When ESPN commissioned a study that found incredible rates of painkiller addiction among NFL players, a nation of burrowed ostriches shrugged their feathers.
True fans possess an enormous capacity to live through their football heroes, but they retain an even greater capacity to do so without empathy. Just last week, Bears quarterback Jay Culter was all but put in stocks for leaving a game due to a torn MCL. Fans burned his jersey as though Cutler “quit” out of feminine frailty, as though this professional QB had concocted some elaborate, cowardly, fan-jobbing conspiracy. The public violently, irrationally demands that a player play, even with knee ligaments dangling. No wonder so many of these athletes gobble painkillers in a manner that would trump a toilet-bound Elvis.
So, we fans are part of the problem. And by “part of the problem,” I mean “the entire problem.” Unless the NFL is radically altered, it will continue to be a concussion mill. The league is not stopping, the rules of physics are not changing. So long as bodies collide, dementia, suicide, and cripplingly accelerated death will be a byproduct. Deep down, we fans grasp this. Then we grasp a remote, and watch more football than ever before. We know the ugly truth and we are the cause of continued ugliness.
At a certain point, we are — in part — defined by this tendency. That America endorses the NFL’s pain party starts to say something about the country. Such as: American culture is replete with couch-jockeys who feel more masculine for having watched other people destroy themseves. Or: American culture is fine with perpetuating a system of destruction, so long as a few, mostly poor people are involved. In many ways, our attitudes towards fetishized athletes mirror our attitudes towards those glorious troops whom we only support with platitudes. This is not good.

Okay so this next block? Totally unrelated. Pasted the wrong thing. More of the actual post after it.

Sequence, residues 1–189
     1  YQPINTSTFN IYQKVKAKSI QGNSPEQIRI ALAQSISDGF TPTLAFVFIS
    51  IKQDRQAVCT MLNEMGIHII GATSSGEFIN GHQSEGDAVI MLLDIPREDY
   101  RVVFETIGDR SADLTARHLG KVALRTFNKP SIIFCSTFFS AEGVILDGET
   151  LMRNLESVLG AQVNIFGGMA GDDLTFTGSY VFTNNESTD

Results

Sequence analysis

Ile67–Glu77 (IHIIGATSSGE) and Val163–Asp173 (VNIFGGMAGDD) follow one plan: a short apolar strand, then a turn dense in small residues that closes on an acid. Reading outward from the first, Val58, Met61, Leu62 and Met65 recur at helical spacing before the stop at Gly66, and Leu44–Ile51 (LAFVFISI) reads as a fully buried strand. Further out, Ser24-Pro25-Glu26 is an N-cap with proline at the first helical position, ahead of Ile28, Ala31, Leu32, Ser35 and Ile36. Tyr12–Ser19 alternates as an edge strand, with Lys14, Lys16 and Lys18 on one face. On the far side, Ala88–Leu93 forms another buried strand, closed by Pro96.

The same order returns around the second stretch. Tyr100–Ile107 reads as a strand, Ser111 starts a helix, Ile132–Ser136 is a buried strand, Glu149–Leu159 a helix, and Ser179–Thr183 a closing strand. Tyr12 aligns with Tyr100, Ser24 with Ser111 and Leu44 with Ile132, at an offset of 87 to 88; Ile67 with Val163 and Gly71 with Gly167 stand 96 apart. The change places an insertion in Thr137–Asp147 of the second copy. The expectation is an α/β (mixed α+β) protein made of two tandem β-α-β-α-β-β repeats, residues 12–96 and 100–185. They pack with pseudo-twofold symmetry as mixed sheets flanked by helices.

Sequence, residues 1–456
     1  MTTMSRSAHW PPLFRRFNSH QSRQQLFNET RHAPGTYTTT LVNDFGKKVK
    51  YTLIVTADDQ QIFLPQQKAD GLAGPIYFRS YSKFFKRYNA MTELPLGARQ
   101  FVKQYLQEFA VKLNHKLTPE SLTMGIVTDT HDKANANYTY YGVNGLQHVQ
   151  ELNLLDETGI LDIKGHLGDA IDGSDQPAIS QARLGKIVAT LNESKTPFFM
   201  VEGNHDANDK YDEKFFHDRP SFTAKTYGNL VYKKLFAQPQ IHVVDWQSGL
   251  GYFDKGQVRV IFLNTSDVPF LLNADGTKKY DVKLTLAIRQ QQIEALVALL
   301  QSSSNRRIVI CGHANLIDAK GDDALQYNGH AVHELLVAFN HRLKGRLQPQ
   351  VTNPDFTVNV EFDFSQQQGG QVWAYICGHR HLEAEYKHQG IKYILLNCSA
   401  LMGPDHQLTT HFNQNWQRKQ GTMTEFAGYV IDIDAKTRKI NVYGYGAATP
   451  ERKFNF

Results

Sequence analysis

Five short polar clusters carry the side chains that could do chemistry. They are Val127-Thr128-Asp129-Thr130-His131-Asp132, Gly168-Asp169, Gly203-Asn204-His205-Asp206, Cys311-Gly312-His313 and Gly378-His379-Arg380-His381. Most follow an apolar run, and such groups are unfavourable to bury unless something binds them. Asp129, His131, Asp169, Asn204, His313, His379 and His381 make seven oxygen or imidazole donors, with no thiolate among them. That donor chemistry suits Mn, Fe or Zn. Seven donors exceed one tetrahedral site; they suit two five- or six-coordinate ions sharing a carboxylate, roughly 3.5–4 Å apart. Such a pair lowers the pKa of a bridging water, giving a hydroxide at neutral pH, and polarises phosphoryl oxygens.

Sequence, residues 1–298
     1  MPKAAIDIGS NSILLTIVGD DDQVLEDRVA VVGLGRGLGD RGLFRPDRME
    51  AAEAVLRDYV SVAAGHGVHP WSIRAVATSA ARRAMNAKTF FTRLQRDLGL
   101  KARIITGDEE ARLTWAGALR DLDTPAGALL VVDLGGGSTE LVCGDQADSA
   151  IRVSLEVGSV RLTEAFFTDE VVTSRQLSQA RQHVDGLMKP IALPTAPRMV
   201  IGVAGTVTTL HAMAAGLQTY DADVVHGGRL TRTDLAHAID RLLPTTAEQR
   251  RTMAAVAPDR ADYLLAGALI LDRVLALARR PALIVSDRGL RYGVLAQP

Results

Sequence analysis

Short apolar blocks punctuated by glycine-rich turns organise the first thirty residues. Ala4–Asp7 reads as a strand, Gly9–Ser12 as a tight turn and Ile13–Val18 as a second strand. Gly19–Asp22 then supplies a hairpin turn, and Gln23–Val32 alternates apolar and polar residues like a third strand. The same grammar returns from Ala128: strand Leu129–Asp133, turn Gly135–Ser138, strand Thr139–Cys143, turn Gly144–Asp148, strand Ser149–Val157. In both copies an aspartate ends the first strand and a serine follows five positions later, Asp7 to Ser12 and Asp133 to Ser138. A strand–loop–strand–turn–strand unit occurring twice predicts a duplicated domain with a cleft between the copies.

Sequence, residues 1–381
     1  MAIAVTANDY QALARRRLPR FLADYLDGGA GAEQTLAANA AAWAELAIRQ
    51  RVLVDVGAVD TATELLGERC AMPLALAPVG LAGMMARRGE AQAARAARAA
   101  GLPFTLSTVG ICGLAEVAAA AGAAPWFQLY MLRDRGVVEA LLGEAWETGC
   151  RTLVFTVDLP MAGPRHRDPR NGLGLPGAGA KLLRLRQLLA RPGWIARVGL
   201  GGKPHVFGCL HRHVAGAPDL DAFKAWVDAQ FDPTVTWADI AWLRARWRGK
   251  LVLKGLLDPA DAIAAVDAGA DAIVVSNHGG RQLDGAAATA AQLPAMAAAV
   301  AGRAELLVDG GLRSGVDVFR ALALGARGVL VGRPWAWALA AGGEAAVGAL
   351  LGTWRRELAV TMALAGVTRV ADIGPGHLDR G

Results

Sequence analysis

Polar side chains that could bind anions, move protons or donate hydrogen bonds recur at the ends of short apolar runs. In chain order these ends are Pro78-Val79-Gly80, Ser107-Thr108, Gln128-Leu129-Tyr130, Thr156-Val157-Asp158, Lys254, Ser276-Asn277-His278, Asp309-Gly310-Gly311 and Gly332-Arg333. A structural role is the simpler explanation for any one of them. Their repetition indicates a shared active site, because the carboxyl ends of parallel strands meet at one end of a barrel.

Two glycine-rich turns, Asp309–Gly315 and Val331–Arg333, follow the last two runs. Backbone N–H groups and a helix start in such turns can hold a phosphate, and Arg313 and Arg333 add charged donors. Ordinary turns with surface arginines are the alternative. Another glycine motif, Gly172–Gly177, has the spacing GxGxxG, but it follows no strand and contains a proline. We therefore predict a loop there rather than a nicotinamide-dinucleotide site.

I’ve heard the counter arguments. Yes, football players choose their lot. Yes, they have agency. But really, what does it say about us — that this is the lot we most often choose? Are we a nation so insecure, so stupid, as to wholly embrace a sport of gladitorial violence?
(I can already hear friends, calling me a “pussy” for possibly caring.)
My goal is not to be didactic, but instead, to be honest. The NFL has also tattooed my American brain with a gladitorial stain. To my detriment, I watch football as much as anyone. Every Sunday, I sneak off to a sports bar for my San Diego Chargers — a team owned by a major Republican donor — in favor of spending time with my oft-neglected girlfriend. A week from now, I’ll probably be recapping the Super Bowl in this space. I am addicted to the NFL, like so many of my countrymen. And sadly, I’m more concerned with copping oblong jollies than with the fate of those destroyed in the process.
Next Sunday, the much-concussed Ben Roethlisberger may get a Super Bowl ring to complement his rape allegations. There will be a lot of discussion of how this reflects a change in character, how he may not have been really all that bad to begin with. This is a mistake. Our celebration of the game says more about our character than does his performance in it.